tend to “reason” and so to reach the common good. The jurist Hans
KELSEN5
defends the idea the deliberation is the opportunity for majority and minority
to reach a compromise taking the better decision according to them, as long as
they both know that no political norm is indisputably the best one. Also, the French
political specialist Didier MINEUR asserts6
“It isn’t the number that makes the
laws but the number that constitutes itself as aiming to reach reason”.

In the same vein, the philosophe Pierre ROSANVALLON pretends that “the majority rule is only legitimate if it
is effectively reasonable”7.

In this way, it appears that majority rule, if it is led by a ‘desire’ of
reason, is able to produce the more high quality laws. No other decision making
process can pretend to propose same high quality laws while defending liberty
and autonomy of the members of the society.

 

            Finally we can’t assert
that majority rule is an absolutely fair and desirable decision making process.

Yet, recognizing that unanimity is unreachable, we argue that majority rule is
the more desirable decision making process as it is the realistic law-making
process that is the nearer of unanimity. By this way, it consecrates fundamental
principles carried by the democratic values: autonomy, equality and liberty.

Majority rule appears to be the fairer law-making process, by default.

 

 

After having demonstrated the ‘non-instrumental’ values of majority
rule, we can have a look to the instrumental advantages that this law-making
process displays. Indeed, more than being more likely to produce fairest laws (more
likely to tend to common good), we will see that majority rule allows to decide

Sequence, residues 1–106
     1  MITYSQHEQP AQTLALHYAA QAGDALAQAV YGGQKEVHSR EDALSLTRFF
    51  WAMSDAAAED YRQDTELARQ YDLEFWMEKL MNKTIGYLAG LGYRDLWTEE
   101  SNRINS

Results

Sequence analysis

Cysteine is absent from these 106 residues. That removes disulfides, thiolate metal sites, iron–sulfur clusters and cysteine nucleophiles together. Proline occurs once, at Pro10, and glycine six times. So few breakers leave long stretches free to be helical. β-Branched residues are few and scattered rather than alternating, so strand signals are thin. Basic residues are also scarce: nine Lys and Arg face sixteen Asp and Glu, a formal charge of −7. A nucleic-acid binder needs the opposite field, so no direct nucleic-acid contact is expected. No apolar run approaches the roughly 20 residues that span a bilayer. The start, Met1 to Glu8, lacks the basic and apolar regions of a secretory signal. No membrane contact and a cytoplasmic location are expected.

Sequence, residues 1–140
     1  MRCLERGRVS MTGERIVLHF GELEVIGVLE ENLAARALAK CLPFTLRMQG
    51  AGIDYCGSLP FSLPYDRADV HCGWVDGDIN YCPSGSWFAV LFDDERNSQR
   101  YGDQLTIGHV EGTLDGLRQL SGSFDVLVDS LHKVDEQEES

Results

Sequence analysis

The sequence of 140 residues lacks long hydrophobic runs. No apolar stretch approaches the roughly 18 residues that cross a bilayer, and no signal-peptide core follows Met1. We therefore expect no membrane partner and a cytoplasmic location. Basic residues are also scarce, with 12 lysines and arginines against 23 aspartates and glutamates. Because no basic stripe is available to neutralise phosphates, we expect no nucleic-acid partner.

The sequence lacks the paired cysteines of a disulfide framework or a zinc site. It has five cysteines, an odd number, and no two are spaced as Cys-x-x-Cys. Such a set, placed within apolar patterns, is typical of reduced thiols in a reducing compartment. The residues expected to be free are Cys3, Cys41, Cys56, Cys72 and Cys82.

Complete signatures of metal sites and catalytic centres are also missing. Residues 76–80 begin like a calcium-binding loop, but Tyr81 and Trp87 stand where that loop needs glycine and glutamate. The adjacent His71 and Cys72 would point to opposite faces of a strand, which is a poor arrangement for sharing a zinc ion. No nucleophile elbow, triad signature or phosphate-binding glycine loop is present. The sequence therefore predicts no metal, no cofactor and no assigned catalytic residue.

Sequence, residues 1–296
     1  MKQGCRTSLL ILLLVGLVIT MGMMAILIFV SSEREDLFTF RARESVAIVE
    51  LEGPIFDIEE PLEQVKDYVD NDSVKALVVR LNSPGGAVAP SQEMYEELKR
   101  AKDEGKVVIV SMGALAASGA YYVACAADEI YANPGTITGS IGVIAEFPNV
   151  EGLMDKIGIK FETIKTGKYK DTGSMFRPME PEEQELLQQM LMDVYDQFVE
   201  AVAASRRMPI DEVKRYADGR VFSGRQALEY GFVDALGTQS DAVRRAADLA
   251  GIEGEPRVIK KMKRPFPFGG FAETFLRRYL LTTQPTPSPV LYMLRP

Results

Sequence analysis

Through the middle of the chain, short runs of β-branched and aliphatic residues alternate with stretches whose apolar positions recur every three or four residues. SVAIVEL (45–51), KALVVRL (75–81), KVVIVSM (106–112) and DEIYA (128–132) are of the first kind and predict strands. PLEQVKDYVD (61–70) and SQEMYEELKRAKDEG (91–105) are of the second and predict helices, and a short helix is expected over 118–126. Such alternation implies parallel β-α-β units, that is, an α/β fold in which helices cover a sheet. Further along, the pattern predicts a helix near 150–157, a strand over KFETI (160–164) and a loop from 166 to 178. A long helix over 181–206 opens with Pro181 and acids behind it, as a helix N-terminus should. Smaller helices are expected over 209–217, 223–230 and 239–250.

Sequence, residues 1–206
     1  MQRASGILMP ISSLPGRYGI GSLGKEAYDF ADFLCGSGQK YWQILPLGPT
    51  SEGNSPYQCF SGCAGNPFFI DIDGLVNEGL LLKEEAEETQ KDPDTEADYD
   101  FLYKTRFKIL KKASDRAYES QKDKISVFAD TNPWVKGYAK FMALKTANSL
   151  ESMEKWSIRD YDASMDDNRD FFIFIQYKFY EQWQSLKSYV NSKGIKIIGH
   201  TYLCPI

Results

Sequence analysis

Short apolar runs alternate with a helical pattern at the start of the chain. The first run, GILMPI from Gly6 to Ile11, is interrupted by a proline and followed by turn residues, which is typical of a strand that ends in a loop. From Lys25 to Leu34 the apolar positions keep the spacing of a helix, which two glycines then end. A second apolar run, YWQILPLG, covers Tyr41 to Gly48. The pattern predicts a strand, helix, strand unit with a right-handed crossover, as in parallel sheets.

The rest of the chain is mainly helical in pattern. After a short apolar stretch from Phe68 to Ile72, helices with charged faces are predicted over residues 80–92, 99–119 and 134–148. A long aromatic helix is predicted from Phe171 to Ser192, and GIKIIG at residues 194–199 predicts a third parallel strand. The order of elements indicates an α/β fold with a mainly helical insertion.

society’s laws in a efficient way. That because of these two aspects, that
finally we are able to argue that majority rule is the more desirable way to
define the laws of a society.

RAWLS8
underlined the effectiveness of majority rule when he asserts that, in
democracy, majority rule presents the advantage that it allows to get
efficiently a political decision in a pluralist context.

 

 

            First of all, we can highlight
the fact that majority rule is a law making process that is really efficient and
relatively easy to implement. The feasibility of law-making process is high,
that is not the case for all the decision-making process that tries to involve
equally all citizens. Majority rule is an efficient conventional mean, which
carries in itself moral principles, to cut political issues.

 Yet, we could oppose that in
theory, majority rule is not the only process to ensure equality, autonomy and
liberty to each member so why prefer this one? Indeed, if we still commit the
statement that a law-making system should tend to unanimity, why be contented
with ‘only’ a majority of voters (ie 50% of the voters)? Why not expand the
percentage of voters required to accept a law? We can answer that above the
majority (for ex: 80% of favourable votes necessary to pass a law), it would be
really difficult to reach agreement above political issues. The decision making
process would not be anymore efficient and it can be really harmful for a